FORMER firefighters from Pearce air base say the Department of Defence should be testing all firefighters who have been exposed to toxic chemicals, which are part of an on-going investigation.
The firefighters are also angry no-one from the department has contacted them to let them know there is a problem with the aqueous film forming foams they say they were in contact with every day they worked at Pearce air base.
Three firefighters who used to work at the air base Jim, Bob and Mack (not their real names) said the firefighting foams they were exposed to contained perfluorooctane sulfonate (PFOS) and perfluorooctanoic acid (PFOA).
The firefighters said every shift they tested fire trucks to make sure they were making foam and made sure tanks were topped up.
All three said firefighters had been encouraged to treat the foam as a high-grade detergent and to put their hands in it.
They said checking the level of a tank meant sticking their arm in the tank so they often had an arm almost up to the elbow in the mixture.
The tests were not always carried out in the same spot so the chemicals were spread around the base.
“Also the foam was dumped or sprayed out before a truck was serviced,’’ they said.
They also worried the basic protective gear they had worn would have given them little protection and that they most likely exposed their families to the chemicals when their gear was washed at home.
All three said they have some health issues associated by some researchers with the toxic chemicals.
National Toxics Network senior advisor Mariann Lloyd-Smith, who is also the International POPs Elimination Network senior policy advisor said there was no argument for the continued use of per- and poly-fluoroalkyl substances (PFAS) in any firefighting foams as they were toxic and bioaccumulative, which meant they built up in all living organisms.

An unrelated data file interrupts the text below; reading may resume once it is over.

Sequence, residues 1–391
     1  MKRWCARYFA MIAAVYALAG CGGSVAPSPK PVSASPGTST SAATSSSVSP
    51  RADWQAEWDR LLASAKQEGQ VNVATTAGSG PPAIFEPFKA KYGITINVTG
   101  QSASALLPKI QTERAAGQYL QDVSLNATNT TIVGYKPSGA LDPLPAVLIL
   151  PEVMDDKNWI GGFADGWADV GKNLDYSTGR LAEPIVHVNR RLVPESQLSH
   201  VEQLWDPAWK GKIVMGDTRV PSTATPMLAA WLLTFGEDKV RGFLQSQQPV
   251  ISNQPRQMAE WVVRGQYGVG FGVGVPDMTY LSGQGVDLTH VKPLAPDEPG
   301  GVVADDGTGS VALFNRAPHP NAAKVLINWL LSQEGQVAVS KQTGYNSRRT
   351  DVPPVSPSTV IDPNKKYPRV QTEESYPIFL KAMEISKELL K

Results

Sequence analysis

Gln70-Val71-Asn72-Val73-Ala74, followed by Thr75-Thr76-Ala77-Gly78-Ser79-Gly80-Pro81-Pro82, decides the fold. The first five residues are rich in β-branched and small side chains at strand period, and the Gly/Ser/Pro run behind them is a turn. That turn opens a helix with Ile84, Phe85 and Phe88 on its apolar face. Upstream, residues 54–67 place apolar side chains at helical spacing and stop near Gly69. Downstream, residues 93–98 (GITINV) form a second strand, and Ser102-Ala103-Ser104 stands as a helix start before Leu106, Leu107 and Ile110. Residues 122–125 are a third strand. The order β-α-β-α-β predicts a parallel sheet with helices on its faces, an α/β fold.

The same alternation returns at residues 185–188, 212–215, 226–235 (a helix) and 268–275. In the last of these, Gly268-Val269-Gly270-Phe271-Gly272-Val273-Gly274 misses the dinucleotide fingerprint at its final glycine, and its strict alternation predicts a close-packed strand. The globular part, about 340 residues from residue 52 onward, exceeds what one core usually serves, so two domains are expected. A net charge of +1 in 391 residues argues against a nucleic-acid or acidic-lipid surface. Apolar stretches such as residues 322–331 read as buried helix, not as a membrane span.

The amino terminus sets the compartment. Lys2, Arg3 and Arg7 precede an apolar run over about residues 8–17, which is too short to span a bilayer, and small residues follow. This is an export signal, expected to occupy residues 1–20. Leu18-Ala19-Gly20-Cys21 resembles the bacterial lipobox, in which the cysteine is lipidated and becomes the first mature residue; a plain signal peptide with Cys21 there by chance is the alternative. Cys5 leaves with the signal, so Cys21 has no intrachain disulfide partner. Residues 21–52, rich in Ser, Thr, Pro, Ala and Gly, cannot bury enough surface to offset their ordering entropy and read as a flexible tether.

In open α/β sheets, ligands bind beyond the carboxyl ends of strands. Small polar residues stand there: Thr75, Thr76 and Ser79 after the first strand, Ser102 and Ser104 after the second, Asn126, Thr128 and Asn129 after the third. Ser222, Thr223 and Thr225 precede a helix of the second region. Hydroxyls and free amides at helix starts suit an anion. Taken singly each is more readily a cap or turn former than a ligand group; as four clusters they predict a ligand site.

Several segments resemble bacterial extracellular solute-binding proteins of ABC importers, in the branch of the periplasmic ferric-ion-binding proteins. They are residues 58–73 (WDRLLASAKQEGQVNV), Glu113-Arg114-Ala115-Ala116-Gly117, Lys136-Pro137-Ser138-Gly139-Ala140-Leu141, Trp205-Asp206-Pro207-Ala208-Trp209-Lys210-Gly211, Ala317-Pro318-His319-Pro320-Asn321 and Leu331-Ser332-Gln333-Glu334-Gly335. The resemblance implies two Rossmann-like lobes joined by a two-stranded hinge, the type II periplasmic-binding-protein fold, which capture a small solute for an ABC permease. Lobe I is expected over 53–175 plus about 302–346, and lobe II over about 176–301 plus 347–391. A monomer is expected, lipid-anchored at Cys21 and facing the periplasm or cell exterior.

“The need to protect firefighters to the greatest degree possible as well as protection of the environment and communities is the main objective.”
She said following the class action between Dupont (a manufacturer of Teflon which contains PFOA) and US residents in the vicinity of a major contamination incident the jointly established C8 Science Panel concluded PFOA could cause kidney cancer, testicular cancer, ulcerative colitis, thyroid disease, pregnancy-induced hypertension and medically diagnosed high cholesterol in humans.
Toxic mess for McGowan (Echo News, March 23) reported Edith Cowan University researchers in December last year as saying the presence of perfluorohexane sulfonate (PFHxS), PFOA and PFOS in the blood of pregnant women had previously been associated with smaller birth weights.
PFAS information developed by the Environmental Health Standing Committee (enHealth) and endorsed by the Australian Health Protection Principal Committee in June 2016 said PFOS and PFOA were readily absorbed through the gut, and once the chemicals were in a person’s body it took about two to nine years, depending on the study, before those levels went down by half, even if no more was taken in.
The Department of Defence said the Department of Health had established a voluntary blood testing program for people who work or live, or have worked or lived, in Williamtown and Oakey.
A spokesman said this included people currently living elsewhere who previously lived or worked at those places.
“The voluntary blood testing program is being conducted in conjunction with an epidemiological study and these activities are focussed on the Oakey and Williamtown communities because the extent of contamination and the exposure pathways are well understood,’’ he said.
“The extent of contamination at other sites, including RAAF Base Pearce, is still being determined.
“These activities at Williamtown and Oakey will contribute to our understanding of the potential health risks associated with PFAS and inform decisions on the potential for similar activities at other sites in the future.’’
He said the health and safety of all personnel working at Defence properties was a primary concern of the department.
“When assessing and managing any risks to human health posed by PFOS and PFOA, Defence [uses] guidance statements issued by enHealth.
“The enHealth statements advise there is no consistent evidence that exposure to PFOS and PFOA causes adverse human health effects.
“But because these chemicals persist in humans and the environment, enHealth recommends human exposure is minimised as a precaution.”
By Anita McInnes